The guy picked up a small stone and tossed it in the direction of the snake. I finally managed to spot it and what a beautiful sighting it was! The snake was hidden in a small bush full of bright pink flowers. It was a Spotted Skaapsteker snake. The snake was very calm and really wanted nothing to do with us.

Spotted Skaapsteker Snake West Coast2

There is nothing more thrilling than coming within a few metres from a dangerous animal. Just knowing that something could go wrong sends the adrenaline levels soaring. It was a great day out in the West Coast National Park and I’ll definitely be back.

Oh what splendour

One of the treats of a healthy wetland reserve is that there will most likely be a resident Kingfisher. Intaka Island in Century City provides such a treat as it has a resident pair of Malachite Kingfishers.

Malachite Kingfisher10

To add to the beauty of these colourful little birds, they have successfully bred three chicks. It has been an interesting few months watching these chicks grow up. There was a lot of excitement when they first ventured from their nesting hole.

Adults are recognised by a red beak and juveniles by their black beaks.

Junior MK2

Many mornings were spent watching the chicks perched on reeds calling for food. The parents would come and deliver little fish and then fly off to catch the next meal. Often I would only see glimpses of this feeding as the reed beds are quite dense and the Kingfishers don’t always come out in the open areas of the wetland.

Then they started practicing to dive into the water, first to bath and then to learn to catch a meal.

The chicks are now fully functional and have even started hunting on their own. They seem to function completely independently from their parents.

Malachite Kingfisher5

These Kingfishers fly incredibly fast and it is often difficult getting a great pic unless they perch right in front of the bird hide. It is only a matter of time before these chicks grow up and the parents force them to leave the area.

Until then I hope to photograph these chicks in all their splendour.

Third time lucky

With a very healthy population of Mozambique Tilapia at Intaka Island, I’m always amazed that I’ve never seen these fat fish being scooped up by the Herons or the Raptors that pass through the wetland reserve.

I made my way to the bird hide very early on Saturday morning. There was not much going on when I arrived, but it all changed pretty quickly.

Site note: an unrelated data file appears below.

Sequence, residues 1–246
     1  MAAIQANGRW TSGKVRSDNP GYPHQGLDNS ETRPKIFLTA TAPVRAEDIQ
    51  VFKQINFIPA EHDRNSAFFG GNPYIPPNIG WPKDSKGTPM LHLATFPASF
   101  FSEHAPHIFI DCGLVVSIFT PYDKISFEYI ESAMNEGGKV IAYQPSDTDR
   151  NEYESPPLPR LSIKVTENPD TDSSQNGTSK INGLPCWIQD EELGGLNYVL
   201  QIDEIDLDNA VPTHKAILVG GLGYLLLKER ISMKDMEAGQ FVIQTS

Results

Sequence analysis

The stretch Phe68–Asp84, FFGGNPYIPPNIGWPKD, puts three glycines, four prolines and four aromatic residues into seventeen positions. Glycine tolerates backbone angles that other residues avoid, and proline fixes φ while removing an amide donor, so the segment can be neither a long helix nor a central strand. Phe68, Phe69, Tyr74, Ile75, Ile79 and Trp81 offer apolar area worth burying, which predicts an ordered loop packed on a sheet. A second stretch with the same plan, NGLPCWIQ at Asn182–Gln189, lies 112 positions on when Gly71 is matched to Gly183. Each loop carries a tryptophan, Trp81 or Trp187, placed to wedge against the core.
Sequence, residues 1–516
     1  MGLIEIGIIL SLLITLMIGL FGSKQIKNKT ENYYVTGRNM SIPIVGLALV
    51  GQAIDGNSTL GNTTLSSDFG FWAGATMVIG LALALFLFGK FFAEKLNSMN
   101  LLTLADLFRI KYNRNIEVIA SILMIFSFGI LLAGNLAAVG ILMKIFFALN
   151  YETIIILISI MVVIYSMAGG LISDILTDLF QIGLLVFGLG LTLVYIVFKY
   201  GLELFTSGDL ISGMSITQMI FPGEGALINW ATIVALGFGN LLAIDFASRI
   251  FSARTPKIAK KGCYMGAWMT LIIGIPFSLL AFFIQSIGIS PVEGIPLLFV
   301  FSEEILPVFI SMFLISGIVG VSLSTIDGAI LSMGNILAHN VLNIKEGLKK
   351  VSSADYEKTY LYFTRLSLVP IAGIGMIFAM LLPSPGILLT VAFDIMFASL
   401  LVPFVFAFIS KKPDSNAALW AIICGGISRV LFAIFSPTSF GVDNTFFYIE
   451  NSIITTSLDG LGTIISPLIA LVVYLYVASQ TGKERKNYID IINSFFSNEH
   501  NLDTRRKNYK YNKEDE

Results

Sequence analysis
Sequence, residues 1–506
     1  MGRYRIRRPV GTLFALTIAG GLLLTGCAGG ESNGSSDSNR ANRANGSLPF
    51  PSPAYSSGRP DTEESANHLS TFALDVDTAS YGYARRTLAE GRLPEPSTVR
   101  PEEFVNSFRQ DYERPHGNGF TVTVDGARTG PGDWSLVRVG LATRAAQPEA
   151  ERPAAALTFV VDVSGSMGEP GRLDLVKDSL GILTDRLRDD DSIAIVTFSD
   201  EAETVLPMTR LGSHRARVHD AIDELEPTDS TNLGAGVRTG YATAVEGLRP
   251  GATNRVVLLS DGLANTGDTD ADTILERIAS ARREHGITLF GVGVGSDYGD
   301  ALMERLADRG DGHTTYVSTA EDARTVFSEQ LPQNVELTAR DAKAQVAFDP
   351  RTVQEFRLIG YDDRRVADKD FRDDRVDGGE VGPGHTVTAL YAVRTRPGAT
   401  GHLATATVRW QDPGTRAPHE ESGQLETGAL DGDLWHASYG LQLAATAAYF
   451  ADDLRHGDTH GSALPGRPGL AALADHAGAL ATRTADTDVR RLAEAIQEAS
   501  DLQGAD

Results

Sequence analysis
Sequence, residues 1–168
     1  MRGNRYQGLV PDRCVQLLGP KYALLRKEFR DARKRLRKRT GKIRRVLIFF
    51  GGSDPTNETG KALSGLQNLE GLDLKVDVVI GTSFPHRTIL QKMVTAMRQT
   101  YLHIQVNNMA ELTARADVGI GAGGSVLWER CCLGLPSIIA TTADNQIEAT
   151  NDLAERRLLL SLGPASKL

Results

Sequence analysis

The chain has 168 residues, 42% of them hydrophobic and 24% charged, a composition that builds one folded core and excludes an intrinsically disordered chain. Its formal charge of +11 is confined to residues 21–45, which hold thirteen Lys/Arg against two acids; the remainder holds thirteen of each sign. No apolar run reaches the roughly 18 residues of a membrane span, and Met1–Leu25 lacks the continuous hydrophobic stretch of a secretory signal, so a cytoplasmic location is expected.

I saw the resident Purple Heron hanging around in the shallow water. His gaze was sternly focussed on the water around him. The Purple Heron had assumed his striking pose and stood still as if it was a statue.

The next moment it struck!

Purple Heron - Fail 1Purple Heron - Fail 2

There was a lot of slime and goo in the water which resulted in very slimy fish. The Purple Heron managed to catch the fish, but struggled to hold on. A few minutes later the Purple Heron attempted another hunt, but once again it failed.

Purple Heron - Fail 3Purple Heron - Fail 4

This was the first time that I had seen any of the Herons catching fish. It was very entertaining and I decided to sit tight and hope that the Purple Heron would make one more attempt at catching some breakfast.

Sure enough, the Purple Heron got back in the game. This time he managed to catch a fish and hold on to it, despite all the debris in the water. I couldn’t believe my luck. The Purple Heron managed to make quite the catch.

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The Purple Heron proceeded to make its way out of the water with its prized catch. With some bigger Herons in the area, any catch needs to be consumed immediately. The Purple Heron made its way on to a nearby bank and decided to eat its meal there.

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It was fascinating to see how the Purple Heron swallowed such a large fish. It repositioned the fish a few times, without dropping it, ensuring that it could be swallowed with ease. The Purple Heron opened its beak wider and tossed the fish up and proceeded to swallow the fish whole. It opened its throat and swallowed the fish with one large gulp.